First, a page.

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What is the Seismogenic Zone Experiment?

Most of the world’s great earthquakes occur in subduction zones. Although plate tectonics provides the underlying explanation, only a small portion of the plate contact generates earthquakes; this portion is the Seismogenic Zone Initiative (SEIZE). The seismogenic zone provides both fundamental scientific challenges and is of great societal relevance. SEIZE will address the following questions:

  1. What is the nature of strong, locked parts of seismogenic zones?
  2. What are the temporal relationships among stress, strain, and fluid composition throughout the earthquake cycle?
  3. What controls the up- and down-dip limits of the seismogenic zone?
  4. What is the nature of tsunamigenic earthquake zone?
  5. What is the role of large thrust earthquakes in mass flux of material in the subduction system?

The Central American and Nankai Trough (Japan) areas were selected for focussed study by the geoscientific community during a workshop in 1997 (see the SEIZE science plan for selection procedure and criteria).

Chile earthquake, February 2010: NSF-IRIS rapid response

SEIZE Nuggets from 2009 Review Documents: Nuggets are available online!

SEIZE web pages:

Focus Areas: Central America
Costa Rica-Nicaragua Focus Area Map
Nankai Trough
  Nankai Focus Area Map
Meetings: MARGINS-EarthScope Cascadia Amphibious Facility Planning Group, Palisades, NY, 2009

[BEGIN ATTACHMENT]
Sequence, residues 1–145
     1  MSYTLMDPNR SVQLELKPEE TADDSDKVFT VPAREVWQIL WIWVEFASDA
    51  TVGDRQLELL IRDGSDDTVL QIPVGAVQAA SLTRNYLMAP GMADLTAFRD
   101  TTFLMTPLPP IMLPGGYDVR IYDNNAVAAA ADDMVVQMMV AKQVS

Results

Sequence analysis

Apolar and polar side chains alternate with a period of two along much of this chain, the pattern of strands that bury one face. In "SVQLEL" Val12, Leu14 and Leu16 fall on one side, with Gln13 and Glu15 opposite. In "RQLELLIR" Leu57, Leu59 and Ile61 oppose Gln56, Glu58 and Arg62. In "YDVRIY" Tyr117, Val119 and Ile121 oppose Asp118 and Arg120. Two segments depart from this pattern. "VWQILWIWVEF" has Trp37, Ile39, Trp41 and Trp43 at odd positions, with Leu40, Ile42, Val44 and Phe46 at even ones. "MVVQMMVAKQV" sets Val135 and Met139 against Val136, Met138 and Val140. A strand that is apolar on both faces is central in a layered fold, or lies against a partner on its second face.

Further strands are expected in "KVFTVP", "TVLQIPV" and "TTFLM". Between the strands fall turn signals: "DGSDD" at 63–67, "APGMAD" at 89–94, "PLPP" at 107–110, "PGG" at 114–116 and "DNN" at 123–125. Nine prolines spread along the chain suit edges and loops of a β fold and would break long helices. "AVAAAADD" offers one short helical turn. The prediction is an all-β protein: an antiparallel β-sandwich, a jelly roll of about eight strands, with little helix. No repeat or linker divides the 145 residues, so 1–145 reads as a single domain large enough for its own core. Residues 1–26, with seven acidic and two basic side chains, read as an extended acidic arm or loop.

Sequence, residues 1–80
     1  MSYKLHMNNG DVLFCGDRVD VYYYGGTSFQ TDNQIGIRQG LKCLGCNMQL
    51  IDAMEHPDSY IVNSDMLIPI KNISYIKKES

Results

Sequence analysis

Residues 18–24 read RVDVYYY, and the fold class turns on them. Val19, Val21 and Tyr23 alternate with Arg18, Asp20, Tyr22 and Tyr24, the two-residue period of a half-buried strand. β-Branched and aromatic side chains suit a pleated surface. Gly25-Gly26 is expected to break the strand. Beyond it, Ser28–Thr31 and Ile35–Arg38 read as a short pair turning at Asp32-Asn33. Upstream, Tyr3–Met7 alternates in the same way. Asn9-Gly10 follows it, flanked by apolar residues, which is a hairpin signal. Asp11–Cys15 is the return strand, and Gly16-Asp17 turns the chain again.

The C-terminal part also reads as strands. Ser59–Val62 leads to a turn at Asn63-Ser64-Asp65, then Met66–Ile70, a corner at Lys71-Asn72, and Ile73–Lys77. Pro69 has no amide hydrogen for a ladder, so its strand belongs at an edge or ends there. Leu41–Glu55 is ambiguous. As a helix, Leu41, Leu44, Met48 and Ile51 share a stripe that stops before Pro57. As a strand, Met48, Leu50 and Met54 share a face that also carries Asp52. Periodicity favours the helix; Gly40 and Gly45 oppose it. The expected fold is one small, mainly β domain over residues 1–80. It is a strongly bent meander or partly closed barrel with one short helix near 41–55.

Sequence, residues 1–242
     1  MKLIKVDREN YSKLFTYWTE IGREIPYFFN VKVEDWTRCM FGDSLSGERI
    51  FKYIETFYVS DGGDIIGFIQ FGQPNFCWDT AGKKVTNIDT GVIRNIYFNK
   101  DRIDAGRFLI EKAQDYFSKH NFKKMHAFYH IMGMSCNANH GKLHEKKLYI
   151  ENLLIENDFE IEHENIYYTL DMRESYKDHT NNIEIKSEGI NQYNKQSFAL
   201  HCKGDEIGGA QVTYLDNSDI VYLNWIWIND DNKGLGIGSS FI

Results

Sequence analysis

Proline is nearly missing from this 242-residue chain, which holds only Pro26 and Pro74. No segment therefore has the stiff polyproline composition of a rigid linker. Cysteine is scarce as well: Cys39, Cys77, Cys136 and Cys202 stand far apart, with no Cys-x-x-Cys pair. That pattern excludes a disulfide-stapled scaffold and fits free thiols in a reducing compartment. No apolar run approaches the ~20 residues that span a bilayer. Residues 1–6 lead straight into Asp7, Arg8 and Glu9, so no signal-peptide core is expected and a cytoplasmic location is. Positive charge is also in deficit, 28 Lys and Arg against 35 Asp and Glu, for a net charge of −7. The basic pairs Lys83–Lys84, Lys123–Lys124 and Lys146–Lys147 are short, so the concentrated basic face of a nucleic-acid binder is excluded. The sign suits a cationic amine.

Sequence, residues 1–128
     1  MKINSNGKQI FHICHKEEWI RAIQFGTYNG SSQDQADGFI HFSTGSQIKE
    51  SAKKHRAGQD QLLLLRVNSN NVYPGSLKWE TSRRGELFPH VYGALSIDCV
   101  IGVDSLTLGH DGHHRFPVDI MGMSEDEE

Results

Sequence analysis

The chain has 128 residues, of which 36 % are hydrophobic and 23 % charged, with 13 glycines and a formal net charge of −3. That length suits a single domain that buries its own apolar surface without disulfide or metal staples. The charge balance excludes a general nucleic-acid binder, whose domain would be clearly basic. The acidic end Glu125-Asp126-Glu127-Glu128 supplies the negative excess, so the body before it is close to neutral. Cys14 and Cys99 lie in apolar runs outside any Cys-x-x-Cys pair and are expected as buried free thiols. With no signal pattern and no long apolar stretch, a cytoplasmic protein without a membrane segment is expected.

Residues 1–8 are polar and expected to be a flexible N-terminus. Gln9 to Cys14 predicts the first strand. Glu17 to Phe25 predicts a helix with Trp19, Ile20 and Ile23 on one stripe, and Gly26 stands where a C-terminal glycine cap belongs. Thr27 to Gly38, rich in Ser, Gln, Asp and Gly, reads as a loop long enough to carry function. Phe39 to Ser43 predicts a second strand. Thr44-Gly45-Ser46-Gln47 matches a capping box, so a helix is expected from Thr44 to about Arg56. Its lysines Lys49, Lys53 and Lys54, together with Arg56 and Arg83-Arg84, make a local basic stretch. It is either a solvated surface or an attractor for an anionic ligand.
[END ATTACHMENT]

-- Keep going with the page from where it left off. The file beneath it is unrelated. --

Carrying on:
The Next Decade of The Seismogenic Zone Experiment. Mt. Hood, Oregon, 2008
  Subduction Factory and Seismogenic Zone Studies in Central America. Costa Rica, 2007
Meeting pages contain abstracts, bibliographies, presentations, lecture notes and much more information. Mini-Workshop at AGU 2006 - "Seismogenesis and Subduction Fluxes in the Middle America Subduction Zone: The role of IODP and ORION"
SEIZE 2003 Theoretical Institute
NanTroSEIZE Workshop 2002
Seismogenic Zone Experiment (SEIZE) workshop, Hawaii 1997
Documents: SEIZE Science Plan
NSF-funded SEIZE awards
Cascadia Amphibious Facility Planning Group report (July, 2009)
  Nankai Trough Seismogenic Zone Drilling and Observatory - IODP Proposal (October 2001)
  Scientific Proceedings from ODP legs 190 and 196
Graphics: MARGINS Presentation materials
Earthquake maps and cross-sections
Nankai figures
Links: Don Reed's Virtual Voyage (Nantro-Seize in 3D)
  University of Miami, RSMAS Geodesy Lab
  TUCAN Imaging Proposal - Boston University
  A 3-D Seismic Investigation in the Nankai Trough: US-Japan Collaborative Program
  Improving Geophysical Observations in Cascadia
  Chile earthquake, February 2010: NSF-IRIS rapid response

Please feel free to suggest additions to these pages!
E-mail suggestions to the MARGINS Office.


MARGINS is an NSF funded program

The MARGINS Office is Hosted by Columbia University

Last updated Monday, April 5, 2010